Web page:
Genetic determinants of the formation and rupture of intracranial aneurysms
Approved Research ID: 68039
Approval date: April 27th 2021
Intracranial aneurysms are small balloon-like outpouchings of the cerebral arteries. They are present in around 3% of the general population and tend to be diagnosed more frequently due to the increased use of brain imaging. An aneurysm may rupture, leading to a so-called subarachnoid hemorrhage. Unfortunately, many patients experiencing this type of bleeding do not survive it (around 35%), and only a small group of survivors fully recover. It is therefore essential to identify aneurysms with a large risk of rupture, to be able to offer timely elective treatment. Although we know that genetic factors may play a role in the formation of an aneurysm, there is still a lot of uncertainty, in particular with regards to genetic risk factors that may increase the likelihood of aneurysm rupture.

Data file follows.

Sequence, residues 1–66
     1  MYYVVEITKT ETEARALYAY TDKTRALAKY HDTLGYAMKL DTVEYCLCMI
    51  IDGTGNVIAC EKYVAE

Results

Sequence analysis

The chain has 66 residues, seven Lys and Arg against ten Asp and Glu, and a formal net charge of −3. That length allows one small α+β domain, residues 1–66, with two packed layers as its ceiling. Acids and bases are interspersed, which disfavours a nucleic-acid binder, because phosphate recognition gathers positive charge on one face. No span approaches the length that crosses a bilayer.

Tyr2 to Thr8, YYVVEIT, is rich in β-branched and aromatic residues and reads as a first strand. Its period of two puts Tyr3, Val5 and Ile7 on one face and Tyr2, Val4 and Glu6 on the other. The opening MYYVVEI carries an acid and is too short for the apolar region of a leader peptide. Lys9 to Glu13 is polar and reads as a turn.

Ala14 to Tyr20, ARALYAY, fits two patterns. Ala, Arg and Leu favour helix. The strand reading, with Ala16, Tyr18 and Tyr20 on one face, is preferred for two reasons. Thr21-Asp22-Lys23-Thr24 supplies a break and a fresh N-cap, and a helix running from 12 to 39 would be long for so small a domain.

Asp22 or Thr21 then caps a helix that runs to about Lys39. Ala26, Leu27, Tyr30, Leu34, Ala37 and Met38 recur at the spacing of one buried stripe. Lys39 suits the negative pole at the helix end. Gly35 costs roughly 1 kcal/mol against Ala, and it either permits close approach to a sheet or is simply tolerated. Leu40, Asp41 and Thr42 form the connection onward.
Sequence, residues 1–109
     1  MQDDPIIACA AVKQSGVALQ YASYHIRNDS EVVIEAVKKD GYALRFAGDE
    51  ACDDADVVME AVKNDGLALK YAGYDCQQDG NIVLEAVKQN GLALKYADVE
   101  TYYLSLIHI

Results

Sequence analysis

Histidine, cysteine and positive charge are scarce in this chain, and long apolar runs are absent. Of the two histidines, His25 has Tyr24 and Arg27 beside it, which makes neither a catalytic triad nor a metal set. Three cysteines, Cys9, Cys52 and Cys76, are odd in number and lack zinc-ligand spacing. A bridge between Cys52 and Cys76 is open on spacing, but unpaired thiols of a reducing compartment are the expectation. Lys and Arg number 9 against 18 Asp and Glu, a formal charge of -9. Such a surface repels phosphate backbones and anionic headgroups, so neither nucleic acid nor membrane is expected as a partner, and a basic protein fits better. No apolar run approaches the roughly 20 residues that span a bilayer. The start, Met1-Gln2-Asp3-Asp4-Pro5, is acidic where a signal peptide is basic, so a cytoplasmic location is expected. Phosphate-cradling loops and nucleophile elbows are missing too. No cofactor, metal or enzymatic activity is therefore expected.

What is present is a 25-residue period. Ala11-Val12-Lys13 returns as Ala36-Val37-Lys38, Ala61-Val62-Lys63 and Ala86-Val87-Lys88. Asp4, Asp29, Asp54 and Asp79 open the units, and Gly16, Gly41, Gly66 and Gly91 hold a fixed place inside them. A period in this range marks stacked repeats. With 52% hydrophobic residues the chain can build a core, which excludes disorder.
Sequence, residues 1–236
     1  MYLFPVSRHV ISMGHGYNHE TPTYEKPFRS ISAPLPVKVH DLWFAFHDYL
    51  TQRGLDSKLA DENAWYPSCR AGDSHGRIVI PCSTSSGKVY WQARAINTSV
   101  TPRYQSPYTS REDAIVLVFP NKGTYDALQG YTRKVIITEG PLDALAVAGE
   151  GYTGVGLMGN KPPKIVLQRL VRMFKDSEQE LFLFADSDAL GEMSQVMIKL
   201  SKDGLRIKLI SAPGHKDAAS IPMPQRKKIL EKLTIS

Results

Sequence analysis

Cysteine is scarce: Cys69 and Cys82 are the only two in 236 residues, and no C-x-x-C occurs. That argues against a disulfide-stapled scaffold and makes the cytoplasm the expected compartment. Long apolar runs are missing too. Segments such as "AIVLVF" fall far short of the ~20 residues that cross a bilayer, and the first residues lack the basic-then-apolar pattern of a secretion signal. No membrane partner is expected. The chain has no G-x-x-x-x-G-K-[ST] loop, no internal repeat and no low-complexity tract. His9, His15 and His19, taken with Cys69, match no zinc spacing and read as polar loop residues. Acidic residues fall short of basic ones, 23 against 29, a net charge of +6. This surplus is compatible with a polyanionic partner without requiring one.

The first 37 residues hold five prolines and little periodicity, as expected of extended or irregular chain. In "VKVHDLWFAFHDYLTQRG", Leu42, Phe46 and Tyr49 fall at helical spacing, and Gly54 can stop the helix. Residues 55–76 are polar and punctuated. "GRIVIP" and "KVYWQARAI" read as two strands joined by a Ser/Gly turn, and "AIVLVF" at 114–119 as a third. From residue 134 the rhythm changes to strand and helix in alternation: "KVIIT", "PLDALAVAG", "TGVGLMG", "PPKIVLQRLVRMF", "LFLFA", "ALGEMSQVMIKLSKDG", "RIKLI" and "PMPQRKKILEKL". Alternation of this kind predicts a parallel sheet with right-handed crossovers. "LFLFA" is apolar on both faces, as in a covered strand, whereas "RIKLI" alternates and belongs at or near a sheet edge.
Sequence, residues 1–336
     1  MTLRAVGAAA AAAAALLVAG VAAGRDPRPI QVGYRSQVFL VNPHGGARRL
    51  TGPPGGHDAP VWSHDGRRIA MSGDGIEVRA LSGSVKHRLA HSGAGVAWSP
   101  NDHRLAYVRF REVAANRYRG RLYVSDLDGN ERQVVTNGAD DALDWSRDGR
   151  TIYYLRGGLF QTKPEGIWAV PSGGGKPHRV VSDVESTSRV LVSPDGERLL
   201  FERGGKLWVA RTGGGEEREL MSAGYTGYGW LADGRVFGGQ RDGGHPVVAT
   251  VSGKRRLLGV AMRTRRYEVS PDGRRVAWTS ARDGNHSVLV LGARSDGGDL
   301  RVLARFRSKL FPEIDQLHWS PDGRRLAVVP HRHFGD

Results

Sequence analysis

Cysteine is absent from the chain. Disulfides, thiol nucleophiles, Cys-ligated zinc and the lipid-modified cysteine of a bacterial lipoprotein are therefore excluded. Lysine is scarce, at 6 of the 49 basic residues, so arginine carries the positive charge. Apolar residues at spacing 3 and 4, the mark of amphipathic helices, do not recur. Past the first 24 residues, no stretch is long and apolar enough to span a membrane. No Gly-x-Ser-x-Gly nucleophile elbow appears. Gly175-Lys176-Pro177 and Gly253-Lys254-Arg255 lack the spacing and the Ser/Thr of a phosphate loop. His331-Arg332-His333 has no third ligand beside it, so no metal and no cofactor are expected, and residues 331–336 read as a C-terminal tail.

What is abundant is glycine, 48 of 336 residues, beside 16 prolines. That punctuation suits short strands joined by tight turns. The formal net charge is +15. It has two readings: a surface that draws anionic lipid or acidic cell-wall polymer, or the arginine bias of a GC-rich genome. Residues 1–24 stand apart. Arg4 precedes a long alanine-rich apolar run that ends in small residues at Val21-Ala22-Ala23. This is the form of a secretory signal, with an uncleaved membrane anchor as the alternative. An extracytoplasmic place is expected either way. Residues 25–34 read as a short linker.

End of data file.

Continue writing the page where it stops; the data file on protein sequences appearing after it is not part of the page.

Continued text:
We aim to investigate this, by assessing whether we can identify genetic differences predisposing aneurysm (1) formation, as well as (2) rupture. We hope that this research leads to a better understanding of why some aneurysms rupture and improve the risk assessment for the increasingly large group of patients with a known unruptured intracranial aneurysm.